Cache Remote or Default

I've been told here that while my dedicated server's resources are significant that I should use rclone defaults to mount my drive directly rather than the [cache] way.
My findings however have been that playing movies and scanning plex have been much better mounting with a cache.
I wonder why that is and the community's thoughts on that.

Best bet would be to use what works best in your situation / use case.

Just because something works great for me, it may not work for you.

Cache is another layer between you and Google so it adds overhead.

My setup is primarily direct playing so no use for cache at all. If you have players that open and close, you'll find better use of the cache.

Music in Plex works better in the cache because it's a lot of small files opening and closing a lot.

There is no "best way" to do everything. It depends on your setup and use-cases.

The benefits of cache is that it caches recently accessed files so you don't have to re-download. It also does a much better job as far as I can tell in streaming media smoothy (I can't get the VFS cache to do smooth streaming with any settings, but maybe that's something windows specific as I think Animosity has said it works for him). Thirdly it also caches the directory structure and file attributes - potentially greatly speeding up syncs on large groups of files as well as making navigation on the remote much snappier. Especially if you use a large timeout on that info (which is safe as long as you only change files via that cache).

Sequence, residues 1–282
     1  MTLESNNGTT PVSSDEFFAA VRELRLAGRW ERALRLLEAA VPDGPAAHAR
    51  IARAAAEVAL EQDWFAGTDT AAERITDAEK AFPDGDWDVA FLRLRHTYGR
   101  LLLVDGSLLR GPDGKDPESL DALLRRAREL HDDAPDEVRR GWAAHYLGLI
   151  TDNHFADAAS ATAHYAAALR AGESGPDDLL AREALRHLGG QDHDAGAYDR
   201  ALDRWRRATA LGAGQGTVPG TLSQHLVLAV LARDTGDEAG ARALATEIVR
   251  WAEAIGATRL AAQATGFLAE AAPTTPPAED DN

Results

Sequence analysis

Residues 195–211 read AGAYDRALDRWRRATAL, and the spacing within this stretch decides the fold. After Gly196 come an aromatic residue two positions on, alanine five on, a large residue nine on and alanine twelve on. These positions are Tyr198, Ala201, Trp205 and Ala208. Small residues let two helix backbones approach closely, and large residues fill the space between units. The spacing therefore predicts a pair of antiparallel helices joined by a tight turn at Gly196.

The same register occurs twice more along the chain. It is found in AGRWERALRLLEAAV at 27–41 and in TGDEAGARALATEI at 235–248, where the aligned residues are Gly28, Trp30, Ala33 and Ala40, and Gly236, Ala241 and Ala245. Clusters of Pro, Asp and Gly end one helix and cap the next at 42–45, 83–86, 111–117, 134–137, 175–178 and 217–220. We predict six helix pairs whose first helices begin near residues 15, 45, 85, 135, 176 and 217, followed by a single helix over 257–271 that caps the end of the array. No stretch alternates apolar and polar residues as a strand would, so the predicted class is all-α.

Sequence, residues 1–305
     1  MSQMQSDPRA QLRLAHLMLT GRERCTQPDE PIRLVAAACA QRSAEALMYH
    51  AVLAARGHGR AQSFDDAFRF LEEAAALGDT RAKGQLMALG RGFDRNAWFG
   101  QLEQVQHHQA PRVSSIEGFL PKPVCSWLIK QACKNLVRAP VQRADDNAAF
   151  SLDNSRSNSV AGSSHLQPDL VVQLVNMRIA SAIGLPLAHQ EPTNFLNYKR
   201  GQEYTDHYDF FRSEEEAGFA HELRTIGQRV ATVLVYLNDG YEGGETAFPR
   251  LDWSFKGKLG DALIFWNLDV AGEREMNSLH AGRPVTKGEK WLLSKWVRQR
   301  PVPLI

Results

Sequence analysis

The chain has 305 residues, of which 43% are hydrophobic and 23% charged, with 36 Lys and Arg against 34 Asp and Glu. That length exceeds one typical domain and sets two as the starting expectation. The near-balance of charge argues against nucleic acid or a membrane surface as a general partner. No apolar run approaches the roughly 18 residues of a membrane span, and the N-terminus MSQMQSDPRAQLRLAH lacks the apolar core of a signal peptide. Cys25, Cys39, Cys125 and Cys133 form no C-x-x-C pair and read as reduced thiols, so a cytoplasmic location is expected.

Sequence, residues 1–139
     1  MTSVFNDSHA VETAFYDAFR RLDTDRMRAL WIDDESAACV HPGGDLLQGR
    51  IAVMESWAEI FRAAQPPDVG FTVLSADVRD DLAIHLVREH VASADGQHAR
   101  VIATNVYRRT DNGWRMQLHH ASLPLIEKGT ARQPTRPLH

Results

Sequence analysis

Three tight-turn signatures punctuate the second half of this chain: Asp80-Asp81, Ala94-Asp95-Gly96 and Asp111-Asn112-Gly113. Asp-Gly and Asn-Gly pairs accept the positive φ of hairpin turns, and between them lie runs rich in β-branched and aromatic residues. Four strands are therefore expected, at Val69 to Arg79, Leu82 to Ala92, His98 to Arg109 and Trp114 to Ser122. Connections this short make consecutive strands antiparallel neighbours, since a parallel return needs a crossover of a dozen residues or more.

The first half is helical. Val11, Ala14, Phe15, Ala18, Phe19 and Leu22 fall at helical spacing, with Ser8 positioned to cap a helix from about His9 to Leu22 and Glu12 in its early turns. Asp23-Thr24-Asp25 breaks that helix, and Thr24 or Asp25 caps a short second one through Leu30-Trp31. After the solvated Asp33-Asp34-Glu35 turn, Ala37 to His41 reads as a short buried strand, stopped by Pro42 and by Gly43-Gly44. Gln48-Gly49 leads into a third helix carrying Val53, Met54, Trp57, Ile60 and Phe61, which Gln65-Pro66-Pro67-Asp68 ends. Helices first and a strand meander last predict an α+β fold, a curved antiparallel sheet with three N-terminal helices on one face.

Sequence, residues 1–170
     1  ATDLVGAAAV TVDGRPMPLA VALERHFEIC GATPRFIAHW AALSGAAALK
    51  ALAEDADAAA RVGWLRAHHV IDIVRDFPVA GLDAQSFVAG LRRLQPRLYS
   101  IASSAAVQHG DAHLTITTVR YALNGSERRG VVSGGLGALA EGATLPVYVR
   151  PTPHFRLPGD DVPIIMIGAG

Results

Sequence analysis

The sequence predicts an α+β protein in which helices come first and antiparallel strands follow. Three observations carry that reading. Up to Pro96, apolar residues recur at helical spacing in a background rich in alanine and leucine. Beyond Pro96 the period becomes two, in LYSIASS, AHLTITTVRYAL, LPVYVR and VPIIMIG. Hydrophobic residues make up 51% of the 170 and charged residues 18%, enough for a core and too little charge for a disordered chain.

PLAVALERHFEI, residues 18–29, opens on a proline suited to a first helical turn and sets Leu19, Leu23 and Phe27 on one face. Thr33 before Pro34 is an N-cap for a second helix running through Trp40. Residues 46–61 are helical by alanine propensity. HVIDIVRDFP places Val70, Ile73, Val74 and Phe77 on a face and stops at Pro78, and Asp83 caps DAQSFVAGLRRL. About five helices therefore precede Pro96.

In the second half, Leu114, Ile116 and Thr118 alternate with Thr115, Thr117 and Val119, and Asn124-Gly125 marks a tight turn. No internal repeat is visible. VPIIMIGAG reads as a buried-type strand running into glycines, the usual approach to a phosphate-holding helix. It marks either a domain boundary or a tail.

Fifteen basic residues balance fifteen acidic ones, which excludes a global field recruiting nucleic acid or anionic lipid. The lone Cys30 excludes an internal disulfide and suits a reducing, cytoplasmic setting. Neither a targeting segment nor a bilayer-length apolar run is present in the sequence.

The downside is that it adds complexity in the setup. More potential points of failures, more room to discover bugs and problems, and more stuff to read and understand before you can expect to use it well. It also adds the need to do more local copying if you want to also use the mount, which may be relevant for limited drive resources or wear on SSDs. Finally, for the ability to stream media well (and open the files reasonably fast) you will need chunks that aren't too big for your bandwidth, and smaller chunks do make your overall bandwidth utilization (on downloads) a little less efficient. Not very much if you tune the chunk size appropriately, but that's basically the price of being able to do streaming from cloud.

oh, and while it's not a "downside" per se. a cache is only as useful as it's size (at least in terms of it's ability to remove the need to re-download recently accessed files). If you use a cache you will have to dedicate some space to it. Exactly how much space you "need" is very much dependent on your use-cases.

Personally I use the cache as I want cached retention of recently accessed files. It's also the only way I have been able to get media streaming working. For me that's easily worth the fairly minor downsides - but your use-case may not be the same as mine. If you didn't need those 2 things then a cache wouldn't be needed, and you might as well go with the less complex and slightly more efficient direct-mount.

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